MoLI is delighted to launch Past/Present/Pride, a series of conversations that celebrates LGBTQ+ writers. Hosted by psychologist Dr Paul D’Alton, Past/Present/Pride will reflect on the work of writers that have witnessed significant social change for members of the LGBTQ+ communities in Ireland & beyond.
Past/Present/Pride is a collaboration between MoLI and UCD’s Equality, Diversity and Inclusion programme. Over the last number of years UCD has made an explicit commitment to promoting an inclusive community where people identifying as LGBTQ+ feel safe, valued and provided equal opportunity.
Episode 1: Emma Donoghue
In the first episode of Past/Present/Pride, Dr Paul D’Alton speaks with Emma Donoghue, author of over twelve novels, including Room, Akin, and Stir Fry. Across a rich hour of conversation, Donoghue, born in Dublin in 1969, touches on subjects as diverse as same-sex parenting, the tension between safety and freedom, coming out to her mother, and the power of fiction. Donoghue’s new novel, The Pull of the Stars (Pan Macmillan) is set in a Dublin hospital in 1918 during the height of the Spanish flu pandemic.
Episode 2: Colm Tóibín
In the second episode of Past/Present/Pride, Dr Paul D’Alton talks to Colm Tóibín, celebrated Irish writer and three-time Booker Prize nominee. Tóibín’s work across journalism, non-fiction, short story, drama, and novel is known for its exploration of the inner world of fully realised characters, their flawed inter-relations with those around them, and their struggle to find identity torn between divided worlds. In this hour of conversation, Tóibín discusses topics ranging from the COVID-19 pandemic, his experience with cancer, the role of the novelist in today’s world, and recent forays into the world of poetry.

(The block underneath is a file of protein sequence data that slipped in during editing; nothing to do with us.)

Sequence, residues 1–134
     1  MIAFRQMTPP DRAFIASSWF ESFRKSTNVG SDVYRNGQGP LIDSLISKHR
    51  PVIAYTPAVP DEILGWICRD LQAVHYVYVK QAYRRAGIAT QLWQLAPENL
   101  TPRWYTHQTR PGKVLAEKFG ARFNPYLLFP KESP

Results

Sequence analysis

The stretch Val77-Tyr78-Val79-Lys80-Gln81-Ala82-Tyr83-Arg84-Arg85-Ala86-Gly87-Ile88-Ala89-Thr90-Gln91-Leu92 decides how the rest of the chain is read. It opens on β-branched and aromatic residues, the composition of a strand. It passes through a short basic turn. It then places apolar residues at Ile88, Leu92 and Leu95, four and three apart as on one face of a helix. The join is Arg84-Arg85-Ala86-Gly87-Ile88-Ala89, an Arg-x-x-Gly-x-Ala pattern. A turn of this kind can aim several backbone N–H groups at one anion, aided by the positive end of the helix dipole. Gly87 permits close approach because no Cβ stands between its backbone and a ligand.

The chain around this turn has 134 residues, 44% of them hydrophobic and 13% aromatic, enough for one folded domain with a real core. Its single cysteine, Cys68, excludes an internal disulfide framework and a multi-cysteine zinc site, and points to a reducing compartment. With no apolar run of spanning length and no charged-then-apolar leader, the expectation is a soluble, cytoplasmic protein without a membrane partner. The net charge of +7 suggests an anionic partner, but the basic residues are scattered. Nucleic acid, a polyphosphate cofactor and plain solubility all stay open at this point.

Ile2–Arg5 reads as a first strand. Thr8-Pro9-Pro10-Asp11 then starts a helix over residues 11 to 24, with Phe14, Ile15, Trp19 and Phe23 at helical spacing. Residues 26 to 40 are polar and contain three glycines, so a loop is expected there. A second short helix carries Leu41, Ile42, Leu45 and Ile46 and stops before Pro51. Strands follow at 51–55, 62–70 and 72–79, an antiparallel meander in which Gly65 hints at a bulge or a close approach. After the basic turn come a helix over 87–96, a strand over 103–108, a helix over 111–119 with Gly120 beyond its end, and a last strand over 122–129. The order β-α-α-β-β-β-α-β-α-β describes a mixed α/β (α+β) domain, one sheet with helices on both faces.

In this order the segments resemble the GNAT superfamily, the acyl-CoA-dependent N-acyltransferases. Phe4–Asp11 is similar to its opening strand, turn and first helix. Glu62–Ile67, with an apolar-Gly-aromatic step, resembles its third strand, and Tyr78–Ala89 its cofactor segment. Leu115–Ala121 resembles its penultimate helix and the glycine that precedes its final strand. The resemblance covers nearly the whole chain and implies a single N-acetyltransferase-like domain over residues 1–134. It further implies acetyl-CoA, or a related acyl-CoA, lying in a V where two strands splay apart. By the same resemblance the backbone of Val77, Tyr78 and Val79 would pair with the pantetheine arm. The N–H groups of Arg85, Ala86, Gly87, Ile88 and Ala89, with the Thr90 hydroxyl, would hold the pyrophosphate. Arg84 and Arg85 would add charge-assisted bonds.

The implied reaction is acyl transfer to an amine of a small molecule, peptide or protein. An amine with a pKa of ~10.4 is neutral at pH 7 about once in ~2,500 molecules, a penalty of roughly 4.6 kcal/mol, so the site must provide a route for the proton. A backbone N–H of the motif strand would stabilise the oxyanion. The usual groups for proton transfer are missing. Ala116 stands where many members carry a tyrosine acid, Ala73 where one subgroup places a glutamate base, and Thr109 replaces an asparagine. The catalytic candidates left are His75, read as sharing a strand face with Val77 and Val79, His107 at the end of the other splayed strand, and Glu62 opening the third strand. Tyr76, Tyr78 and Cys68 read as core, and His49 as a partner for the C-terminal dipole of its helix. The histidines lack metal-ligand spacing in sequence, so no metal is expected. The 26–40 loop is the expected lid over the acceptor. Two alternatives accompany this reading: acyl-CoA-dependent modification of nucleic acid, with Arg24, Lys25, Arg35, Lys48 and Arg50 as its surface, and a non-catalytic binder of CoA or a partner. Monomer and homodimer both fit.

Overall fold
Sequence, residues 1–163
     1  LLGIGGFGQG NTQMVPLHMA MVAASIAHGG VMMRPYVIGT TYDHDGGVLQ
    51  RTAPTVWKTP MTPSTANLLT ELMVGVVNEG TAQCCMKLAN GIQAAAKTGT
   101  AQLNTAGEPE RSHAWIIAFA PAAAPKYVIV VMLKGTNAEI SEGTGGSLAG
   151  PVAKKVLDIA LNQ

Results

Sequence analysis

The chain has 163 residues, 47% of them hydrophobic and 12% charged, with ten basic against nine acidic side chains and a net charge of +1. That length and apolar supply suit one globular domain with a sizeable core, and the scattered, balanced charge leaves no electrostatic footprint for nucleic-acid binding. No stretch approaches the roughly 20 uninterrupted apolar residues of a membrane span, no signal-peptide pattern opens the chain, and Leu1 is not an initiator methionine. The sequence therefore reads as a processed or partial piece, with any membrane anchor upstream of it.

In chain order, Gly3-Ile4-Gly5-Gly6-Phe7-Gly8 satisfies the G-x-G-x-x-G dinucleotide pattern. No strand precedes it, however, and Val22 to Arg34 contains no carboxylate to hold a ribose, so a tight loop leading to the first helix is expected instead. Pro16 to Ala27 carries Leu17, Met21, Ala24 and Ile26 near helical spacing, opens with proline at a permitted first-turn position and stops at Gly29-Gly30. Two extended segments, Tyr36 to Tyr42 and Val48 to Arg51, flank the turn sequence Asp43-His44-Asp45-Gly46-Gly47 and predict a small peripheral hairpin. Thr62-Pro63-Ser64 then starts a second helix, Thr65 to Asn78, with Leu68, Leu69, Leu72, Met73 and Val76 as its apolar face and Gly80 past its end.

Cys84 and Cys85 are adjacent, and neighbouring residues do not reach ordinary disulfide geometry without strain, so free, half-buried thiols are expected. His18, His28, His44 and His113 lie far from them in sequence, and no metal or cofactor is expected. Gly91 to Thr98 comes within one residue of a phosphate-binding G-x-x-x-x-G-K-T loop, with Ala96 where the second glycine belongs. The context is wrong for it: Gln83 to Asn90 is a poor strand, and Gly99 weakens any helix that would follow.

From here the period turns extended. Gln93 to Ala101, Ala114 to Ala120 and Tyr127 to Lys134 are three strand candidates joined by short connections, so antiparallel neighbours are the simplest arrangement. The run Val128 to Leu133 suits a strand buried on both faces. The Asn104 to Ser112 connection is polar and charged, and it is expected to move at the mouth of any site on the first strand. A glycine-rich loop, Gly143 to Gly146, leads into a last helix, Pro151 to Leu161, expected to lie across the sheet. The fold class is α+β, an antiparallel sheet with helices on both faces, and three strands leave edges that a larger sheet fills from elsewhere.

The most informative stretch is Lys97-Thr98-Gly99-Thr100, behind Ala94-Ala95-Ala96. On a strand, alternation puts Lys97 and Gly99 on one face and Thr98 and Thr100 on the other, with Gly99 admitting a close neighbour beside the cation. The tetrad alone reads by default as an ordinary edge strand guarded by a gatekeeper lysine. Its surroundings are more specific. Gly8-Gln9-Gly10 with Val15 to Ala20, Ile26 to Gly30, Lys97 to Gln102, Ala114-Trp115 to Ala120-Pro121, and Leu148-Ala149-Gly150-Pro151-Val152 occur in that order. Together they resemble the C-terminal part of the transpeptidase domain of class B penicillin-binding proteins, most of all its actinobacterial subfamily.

Episode 3: Mary Dorcey
In the third episode of Past/Present/Pride, Dr Paul D’Alton hears from Mary Dorcey, poet and fiction writer, about learning to read, coming out, her relationship with her mother, and her experience of an oppressive 1970s Ireland. Mary Dorcey has been publishing poetry since her first collection Kindling in 1982. Her poetry has appeared on the Junior Certificate curriculum in Ireland, the O Level curriculum in the UK, and in the BBC anthology A Hundred Favourite Poems of Childhood, and in 1990 she was awarded the Rooney Prize for Literature. Dorcey’s work explores the deep complications and joys of love and relationships. Her poems have been recognised for their touching descriptions of homosexual love and her frank and honest exploration of the relationship between mother and daughter. She is a member of Aosdána and now lives in Wicklow.